Re-Homing in on Homer

scan0020Inspired by a new book by Adam Nicolson I have been re-reading The Iliad and The Odyssey. I am not qualified to judge when Homer was writing, my 1946 translations by EV Rieu put it at 750 BC, and a later amendment in 1976 at around 1000 BC; equally I am not in a position to say whether it is one voice, or like Isaiah, many voices. Adam Nicolson falls firmly into the one voice camp. Having re-read these epics, I am of a mind to agree with him. What The Mighty Dead, Why Homer Matters makes clear however, is that in The Iliad Homer is writing about Bronze Age Warriors.

Also, never having actually read these two back to back, naïvely I don’t think I had realised that they were a proto-War and Peace, a sort of Ur-document that has been followed since then by Tolstoy, Patrick O-Brien, Vassily Grossman and many others.

The Iliad is supposedly an historical account of a Greek and Trojan War, either remembered history or actual history it is hard to judge. Reading it, even in translation, using both EV Rieu and The Princeton University Annotated George Chapman, I have a feeling that it is a bit of both. Spurred on by the enthusiasm shown in The Mighty Dead for the foundation myths of the Trojan War, and for archaeological evidence that show that the descriptions of the warriors’ armour and accoutrements are undoubtedly Bronze Age, bearing in mind also that Homer would not have had access to these corroborating pieces of evidence, I am coming to the view that 1000 BC or even earlier must be the case. Does it really matter? What profoundly moved me, in any case was the intense drama, the emotion and the repetition – the detailed descriptions of the many and various death-dealing strokes of the sword, the piercing arrow and the hurling spear or javelin, and the ground-shaking thud of falling warriors.

Adam Nicolson tells us of his feelings when seeing archaeological finds anywhere in which there are collections of Bronze Age weaponry:

Anywhere you seek out Bronze Age weaponry, the same power gestures greet you from across the room: the seductive, limousine length of the blades, the oxidised green of the bronze, often now the colour of a mottled sea, the willow-leaf javelin points, the sheer length of the long swords with their golden hilts, the deep socketed spear heads, the socket running as far back along the shaft as the spear head protrudes beyond it, the metal occasionally still wrapped in oiled cloth to preserve it. […] These weapons are horrifying and beautiful, repulsive and attractive in the way the Iliad can be, for their lack of sentiment, the unadorned facts they represent, but also for the perfection with which they are made, their seamless match of purpose and material. The swords that have been found in Mycenaean graves are always exceptionally well-balanced things, the weight of the pommel counteracting the weight of the blade so that they feel functional in the hand, body-extensions, enlarging the human possibilities of dominance and destruction. The lances would have been useful in the hunt, to be thrown or to jab at a cornered prey, but these swords mark a particular horizon in human history: they are the first objects to be designed with the sole purpose of killing another person. Their reach is too short for them to be any good with a wild animal thrashing in its death throes. A sword is only any use if someone else agrees to the violence it threatens; it will get to another man who is prepared to stand and fight.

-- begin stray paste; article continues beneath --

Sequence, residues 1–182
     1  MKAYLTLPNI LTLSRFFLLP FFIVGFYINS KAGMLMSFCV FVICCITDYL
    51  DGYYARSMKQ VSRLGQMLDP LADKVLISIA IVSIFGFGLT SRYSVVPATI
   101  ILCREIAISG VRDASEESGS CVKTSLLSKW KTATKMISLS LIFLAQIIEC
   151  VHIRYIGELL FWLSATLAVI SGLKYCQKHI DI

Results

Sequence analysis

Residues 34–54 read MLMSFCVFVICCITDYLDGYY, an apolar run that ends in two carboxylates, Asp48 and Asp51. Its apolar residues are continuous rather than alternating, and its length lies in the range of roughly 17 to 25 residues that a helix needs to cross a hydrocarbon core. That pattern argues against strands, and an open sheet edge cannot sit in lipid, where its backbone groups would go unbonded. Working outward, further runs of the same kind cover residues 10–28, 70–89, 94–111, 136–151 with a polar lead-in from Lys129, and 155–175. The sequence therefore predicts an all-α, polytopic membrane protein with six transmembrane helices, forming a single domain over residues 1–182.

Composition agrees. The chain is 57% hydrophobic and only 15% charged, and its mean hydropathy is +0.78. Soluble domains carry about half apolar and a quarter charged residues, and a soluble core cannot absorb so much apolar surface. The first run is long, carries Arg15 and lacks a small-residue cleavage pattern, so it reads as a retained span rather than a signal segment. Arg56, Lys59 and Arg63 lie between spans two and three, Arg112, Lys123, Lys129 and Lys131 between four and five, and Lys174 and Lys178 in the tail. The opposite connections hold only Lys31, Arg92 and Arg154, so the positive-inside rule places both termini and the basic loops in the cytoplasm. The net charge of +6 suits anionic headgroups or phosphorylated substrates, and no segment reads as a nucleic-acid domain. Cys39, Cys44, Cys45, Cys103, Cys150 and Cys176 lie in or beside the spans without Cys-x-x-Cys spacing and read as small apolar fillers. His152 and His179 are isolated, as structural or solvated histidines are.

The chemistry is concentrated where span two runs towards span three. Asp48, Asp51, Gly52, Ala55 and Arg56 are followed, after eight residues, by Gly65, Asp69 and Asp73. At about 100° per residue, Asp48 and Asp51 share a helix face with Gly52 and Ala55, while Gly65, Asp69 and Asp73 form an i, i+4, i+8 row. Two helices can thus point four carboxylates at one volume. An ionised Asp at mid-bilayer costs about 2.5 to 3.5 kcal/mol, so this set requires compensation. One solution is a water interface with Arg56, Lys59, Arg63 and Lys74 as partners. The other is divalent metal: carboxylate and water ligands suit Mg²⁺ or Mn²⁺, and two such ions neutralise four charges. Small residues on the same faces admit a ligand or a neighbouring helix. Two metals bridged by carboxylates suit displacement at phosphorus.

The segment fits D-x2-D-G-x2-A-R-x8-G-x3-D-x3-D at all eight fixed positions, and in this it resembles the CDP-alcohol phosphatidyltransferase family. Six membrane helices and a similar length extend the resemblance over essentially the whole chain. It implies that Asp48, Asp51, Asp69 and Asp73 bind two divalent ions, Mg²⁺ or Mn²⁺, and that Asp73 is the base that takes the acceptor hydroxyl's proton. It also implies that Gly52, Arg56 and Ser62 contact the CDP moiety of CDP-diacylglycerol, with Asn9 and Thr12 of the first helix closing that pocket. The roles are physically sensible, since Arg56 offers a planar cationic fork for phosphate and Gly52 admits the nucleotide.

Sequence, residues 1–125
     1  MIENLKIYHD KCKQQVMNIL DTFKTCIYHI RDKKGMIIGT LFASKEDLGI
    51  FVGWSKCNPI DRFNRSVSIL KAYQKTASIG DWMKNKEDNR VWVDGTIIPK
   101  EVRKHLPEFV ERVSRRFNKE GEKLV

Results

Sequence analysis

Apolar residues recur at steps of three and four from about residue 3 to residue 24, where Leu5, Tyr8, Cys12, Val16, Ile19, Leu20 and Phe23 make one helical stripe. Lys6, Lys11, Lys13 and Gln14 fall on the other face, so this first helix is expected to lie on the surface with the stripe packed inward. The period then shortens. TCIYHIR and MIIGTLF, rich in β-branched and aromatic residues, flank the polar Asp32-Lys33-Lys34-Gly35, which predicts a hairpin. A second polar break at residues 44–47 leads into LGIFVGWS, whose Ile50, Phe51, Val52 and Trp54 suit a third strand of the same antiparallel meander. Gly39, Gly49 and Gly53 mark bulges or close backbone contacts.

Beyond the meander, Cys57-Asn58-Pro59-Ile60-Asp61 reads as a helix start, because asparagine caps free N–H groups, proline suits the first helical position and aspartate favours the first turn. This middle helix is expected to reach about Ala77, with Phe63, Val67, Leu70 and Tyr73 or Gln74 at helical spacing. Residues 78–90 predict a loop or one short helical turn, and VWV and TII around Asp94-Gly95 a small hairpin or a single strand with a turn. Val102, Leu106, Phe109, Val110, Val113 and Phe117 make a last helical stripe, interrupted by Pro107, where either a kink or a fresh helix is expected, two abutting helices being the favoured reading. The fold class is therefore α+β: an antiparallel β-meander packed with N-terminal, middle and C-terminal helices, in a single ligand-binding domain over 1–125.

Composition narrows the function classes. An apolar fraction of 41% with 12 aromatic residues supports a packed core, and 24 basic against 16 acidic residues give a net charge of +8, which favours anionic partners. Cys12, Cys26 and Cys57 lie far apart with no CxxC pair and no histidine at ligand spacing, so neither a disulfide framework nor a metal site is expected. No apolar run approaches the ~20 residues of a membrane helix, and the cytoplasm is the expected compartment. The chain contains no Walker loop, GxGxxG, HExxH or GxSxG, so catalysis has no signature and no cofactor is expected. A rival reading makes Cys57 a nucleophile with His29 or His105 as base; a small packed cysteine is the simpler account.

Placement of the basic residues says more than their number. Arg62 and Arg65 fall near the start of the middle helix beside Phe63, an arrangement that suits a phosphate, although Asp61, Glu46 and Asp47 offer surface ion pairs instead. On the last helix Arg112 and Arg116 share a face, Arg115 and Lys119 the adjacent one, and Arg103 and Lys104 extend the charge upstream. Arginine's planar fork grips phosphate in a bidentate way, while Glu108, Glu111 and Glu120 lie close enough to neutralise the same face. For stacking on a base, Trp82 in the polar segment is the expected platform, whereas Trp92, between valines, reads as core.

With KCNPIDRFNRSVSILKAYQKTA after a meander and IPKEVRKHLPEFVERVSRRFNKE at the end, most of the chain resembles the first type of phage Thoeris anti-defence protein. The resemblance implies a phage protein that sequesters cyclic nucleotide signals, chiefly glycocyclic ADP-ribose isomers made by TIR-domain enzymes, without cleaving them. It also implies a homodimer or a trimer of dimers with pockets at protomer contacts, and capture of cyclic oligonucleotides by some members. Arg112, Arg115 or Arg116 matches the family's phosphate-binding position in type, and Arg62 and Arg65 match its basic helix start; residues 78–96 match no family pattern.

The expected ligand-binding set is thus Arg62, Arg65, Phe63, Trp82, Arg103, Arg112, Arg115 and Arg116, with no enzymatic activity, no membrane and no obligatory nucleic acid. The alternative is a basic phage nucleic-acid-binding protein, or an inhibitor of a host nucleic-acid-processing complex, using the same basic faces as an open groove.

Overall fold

The Odyssey is pure fiction, brilliant and frustrating, seductive and astonishing. It simply tells the story of a man’s struggle to get home, to somewhere where he feels grounded and safe. Adam Nicolson adds to the weight of this epic the view that with this in his/her hand as a guide, the reader needs no other lexicon for the trials and successes of life. This is the proto-self-help book in his opinion, I am inclined to agree.

I assume that more people know the stories in The Odyssey than the stories in The Iliad, but the latter deserves a new reading, I have never had the George Chapman version before, but now I have I enjoyed the whole experience more. Chapman was using several Latin translations, and knew no Greek but it is the general view that he captured the spirit of Homer in his verse, through his unusual and imaginative use of English.

Adam Nicolson was brought up in the family home at Sissinghurst, he has written at least ten other books on a vast range of subjects. I first came across his writing when I read When God Spoke English, The Making of the King James Bible. I recommend this and several other titles.


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